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Adaptive Services and Multiservices Interfaces Overview

MultiServices PICs and MultiServices Dense Port Concentrators (MS-DPCs) provide adaptive services interfaces, which allow you to coordinate multiple services on a single PIC by configuring a set of services and applications. MultiServices PICs and MS-DPCs offer a special range of services you configure in one or more service sets.

The MultiServices PIC is available in three versions, the MultiServices 100, the MultiServices 400, and the MultiServices 500, which differ in memory size and performance. All versions offer enhanced performance in comparison with AS PICs. MultiServices PICs are supported on M Series and T Series routers except M20 routers.

The MultiServices DPC is available for MX Series routers; it includes a subset of the functionality supported on the MultiServices PIC. Currently the MultiServices DPC supports the following Layer 3 services: stateful firewall, NAT, IDS, IPsec, active flow monitoring, RPM, and generic routing encapsulation (GRE) tunnels (including GRE key and fragmentation); it also supports graceful Routing Engine switchover (GRES) and Dynamic Applicaton Awareness for Junos OS. For more information about supported packages, see Enabling Service Packages.

It is also possible to group several Multiservices PICs into an aggregated Multiservices (AMS) system. An AMS configuration eliminates the need for separate routers within a system. The primary benefit of having an AMS configuration is the ability to support load balancing of traffic across multiple services PICs. Starting with Junos OS 11.4, all MX Series routers will support high availability (HA) and Network Address Translation (NAT) on AMS infrastructure. See Configuring Load Balancing on AMS Infrastructure for more information.


The MultiServices PICs are polling based and not interrupt based; as a result, a high value in the show chassis pic “Interrupt load average” field may not mean that the PIC has reached its maximum limit of processing.

The following services are configured within a service set and are available only on adaptive services interfaces:

  • Stateful firewall—A type of firewall filter that considers state information derived from previous communications and other applications when evaluating traffic.

  • Network Address Translation (NAT)—A security procedure for concealing host addresses on a private network behind a pool of public addresses.

  • Intrusion detection service (IDS)—A set of tools for detecting, redirecting, and preventing certain kinds of network attack and intrusion.

  • IP Security (IPsec)—A set of tools for configuring manual or dynamic security associations (SAs) for encryption of data traffic.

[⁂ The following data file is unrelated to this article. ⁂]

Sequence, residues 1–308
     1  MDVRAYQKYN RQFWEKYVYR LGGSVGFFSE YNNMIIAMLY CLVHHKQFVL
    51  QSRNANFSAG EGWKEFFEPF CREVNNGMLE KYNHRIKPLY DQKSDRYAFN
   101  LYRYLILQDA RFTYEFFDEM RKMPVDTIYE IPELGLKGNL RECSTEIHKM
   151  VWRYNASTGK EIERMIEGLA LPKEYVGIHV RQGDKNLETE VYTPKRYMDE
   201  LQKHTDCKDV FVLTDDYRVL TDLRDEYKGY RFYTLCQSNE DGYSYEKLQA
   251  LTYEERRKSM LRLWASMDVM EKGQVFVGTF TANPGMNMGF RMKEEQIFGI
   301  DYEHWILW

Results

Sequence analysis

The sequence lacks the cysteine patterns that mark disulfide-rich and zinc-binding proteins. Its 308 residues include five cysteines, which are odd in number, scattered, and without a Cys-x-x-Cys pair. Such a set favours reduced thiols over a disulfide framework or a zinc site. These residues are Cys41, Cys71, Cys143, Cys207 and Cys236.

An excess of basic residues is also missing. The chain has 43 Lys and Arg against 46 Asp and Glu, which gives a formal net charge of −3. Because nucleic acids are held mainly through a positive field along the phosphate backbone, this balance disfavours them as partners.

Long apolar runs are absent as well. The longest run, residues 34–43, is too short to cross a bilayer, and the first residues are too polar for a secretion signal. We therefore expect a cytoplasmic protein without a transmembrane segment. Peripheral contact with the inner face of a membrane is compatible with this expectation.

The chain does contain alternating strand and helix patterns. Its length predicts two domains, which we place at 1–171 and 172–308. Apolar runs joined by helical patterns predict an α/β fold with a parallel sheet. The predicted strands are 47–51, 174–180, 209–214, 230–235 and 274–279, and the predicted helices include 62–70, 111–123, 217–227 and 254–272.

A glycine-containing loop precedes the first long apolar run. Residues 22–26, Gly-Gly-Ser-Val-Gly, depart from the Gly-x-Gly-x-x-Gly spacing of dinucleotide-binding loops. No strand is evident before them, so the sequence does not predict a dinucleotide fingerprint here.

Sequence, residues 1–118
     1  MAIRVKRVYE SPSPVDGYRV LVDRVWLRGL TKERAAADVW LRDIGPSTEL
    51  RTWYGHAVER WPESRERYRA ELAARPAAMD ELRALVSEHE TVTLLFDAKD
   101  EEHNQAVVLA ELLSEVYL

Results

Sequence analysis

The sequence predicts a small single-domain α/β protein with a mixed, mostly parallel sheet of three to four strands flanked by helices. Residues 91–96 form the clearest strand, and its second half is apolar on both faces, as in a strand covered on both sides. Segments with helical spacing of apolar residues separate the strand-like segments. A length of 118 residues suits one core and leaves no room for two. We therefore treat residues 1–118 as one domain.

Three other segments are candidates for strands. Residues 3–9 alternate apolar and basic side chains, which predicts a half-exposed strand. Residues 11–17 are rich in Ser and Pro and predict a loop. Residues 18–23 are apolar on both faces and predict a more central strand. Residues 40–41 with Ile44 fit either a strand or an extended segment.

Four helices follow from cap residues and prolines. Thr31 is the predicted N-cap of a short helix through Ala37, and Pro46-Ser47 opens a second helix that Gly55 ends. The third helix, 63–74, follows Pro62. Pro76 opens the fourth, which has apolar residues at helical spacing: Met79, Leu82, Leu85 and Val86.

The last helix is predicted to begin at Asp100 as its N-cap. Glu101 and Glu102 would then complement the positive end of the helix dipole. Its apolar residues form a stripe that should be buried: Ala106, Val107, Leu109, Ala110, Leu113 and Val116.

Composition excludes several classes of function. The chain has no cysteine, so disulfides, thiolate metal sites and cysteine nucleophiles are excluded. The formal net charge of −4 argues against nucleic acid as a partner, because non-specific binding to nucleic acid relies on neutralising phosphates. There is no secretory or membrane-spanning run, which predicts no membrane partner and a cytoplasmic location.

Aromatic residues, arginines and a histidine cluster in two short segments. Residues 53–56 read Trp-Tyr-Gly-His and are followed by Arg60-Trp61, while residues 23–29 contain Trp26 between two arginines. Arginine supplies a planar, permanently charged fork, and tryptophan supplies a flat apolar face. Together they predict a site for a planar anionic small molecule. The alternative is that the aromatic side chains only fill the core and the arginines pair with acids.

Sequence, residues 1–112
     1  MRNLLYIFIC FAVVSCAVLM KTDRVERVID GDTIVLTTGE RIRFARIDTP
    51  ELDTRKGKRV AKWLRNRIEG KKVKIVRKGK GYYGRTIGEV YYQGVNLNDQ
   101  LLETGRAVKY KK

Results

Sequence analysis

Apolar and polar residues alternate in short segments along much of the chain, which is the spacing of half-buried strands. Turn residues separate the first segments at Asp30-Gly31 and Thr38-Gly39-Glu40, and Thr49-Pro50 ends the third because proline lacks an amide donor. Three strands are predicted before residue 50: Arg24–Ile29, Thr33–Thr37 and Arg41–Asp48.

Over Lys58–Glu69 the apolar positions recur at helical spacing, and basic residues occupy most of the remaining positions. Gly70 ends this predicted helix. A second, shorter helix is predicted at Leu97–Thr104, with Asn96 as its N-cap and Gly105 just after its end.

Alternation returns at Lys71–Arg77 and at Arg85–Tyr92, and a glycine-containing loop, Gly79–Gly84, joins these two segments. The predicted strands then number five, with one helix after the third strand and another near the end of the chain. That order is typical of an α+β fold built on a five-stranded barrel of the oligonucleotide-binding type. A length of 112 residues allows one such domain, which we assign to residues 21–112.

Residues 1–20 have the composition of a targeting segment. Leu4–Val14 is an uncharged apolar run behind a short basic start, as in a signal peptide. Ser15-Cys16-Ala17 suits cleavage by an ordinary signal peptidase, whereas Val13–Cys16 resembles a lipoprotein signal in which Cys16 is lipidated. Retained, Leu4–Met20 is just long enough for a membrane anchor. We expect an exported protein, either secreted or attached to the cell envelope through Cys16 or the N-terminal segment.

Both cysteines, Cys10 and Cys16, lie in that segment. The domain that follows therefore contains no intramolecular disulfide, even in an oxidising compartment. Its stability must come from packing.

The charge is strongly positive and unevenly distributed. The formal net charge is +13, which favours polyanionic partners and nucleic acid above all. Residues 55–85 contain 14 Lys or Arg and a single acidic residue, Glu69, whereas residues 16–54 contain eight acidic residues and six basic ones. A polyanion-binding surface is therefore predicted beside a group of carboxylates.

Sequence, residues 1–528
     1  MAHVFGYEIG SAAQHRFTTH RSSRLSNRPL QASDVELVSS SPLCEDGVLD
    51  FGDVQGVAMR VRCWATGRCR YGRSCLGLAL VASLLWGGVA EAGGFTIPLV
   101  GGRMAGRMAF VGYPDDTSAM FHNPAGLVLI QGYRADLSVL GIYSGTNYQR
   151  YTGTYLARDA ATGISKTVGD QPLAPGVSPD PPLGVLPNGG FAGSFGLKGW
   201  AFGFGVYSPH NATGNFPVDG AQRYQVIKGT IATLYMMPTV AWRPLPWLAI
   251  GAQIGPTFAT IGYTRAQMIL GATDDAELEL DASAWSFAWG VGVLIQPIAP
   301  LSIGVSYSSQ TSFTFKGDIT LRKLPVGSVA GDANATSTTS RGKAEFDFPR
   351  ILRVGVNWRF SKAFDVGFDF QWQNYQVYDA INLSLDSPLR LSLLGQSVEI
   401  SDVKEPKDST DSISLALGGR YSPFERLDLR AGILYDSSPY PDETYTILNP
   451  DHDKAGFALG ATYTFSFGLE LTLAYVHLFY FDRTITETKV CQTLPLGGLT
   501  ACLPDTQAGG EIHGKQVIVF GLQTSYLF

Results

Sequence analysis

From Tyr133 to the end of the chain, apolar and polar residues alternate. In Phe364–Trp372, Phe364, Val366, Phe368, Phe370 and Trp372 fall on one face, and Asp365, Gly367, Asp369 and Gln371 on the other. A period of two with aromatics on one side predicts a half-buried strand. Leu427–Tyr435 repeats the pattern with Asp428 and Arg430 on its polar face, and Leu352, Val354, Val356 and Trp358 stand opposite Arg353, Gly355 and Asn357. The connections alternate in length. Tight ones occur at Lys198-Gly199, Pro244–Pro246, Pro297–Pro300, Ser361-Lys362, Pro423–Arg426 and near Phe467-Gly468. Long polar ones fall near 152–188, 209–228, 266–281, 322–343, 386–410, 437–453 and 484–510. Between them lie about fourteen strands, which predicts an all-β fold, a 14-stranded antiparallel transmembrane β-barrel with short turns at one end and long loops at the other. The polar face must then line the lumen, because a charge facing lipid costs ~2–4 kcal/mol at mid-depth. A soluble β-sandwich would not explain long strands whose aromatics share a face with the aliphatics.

• Class of service (CoS)—A subset of CoS functionality for services interfaces, limited to DiffServ code point (DSCP) marking and forwarding-class assignment. CoS BA classification is not supported on services interfaces.

The configuration for these services comprises a series of rules that you can arrange in order of precedence as a rule set. Each rule follows the structure of a firewall filter, with a from statement containing input or match conditions and a then statement containing actions to be taken if the match conditions are met.

The following services are also configured on the MultiServices PICs and MS-DPCs, but do not use the rule set definition:

  • Layer 2 Tunneling Protocol (L2TP)—A tool for setting up secure tunnels using Point-to-Point Protocol (PPP) encapsulation across Layer 2 networks.

  • Link Services Intelligent Queuing (LSQ)—Interfaces that support Junos OS class-of-service (CoS) components, link fragmentation and interleaving (LFI) (FRF.12), Multilink Frame Relay (MLFR) user-to-network interface (UNI) network-to-network interface (NNI) (FRF.16), and Multilink PPP (MLPPP).

  • Voice services—A feature that uses the Compressed Real-Time Transport Protocol (CRTP) to enable voice over IP traffic to use low-speed links more effectively.

In addition, Junos OS includes the following tools for configuring services:

  • Application protocols definition—Allows you to configure properties of application protocols that are subject to processing by router services, and group the application definitions into application sets.

  • Service-set definition—Allows you to configure combinations of directional rules and default settings that control the behavior of each service in the service set.


    Logging of adaptive services interfaces messages to an external server by means of the fxp0 port is not supported on M Series routers. The architecture does not support system logging traffic out of a management interface. Instead, access to an external server is supported on a Packet Forwarding Engine interface.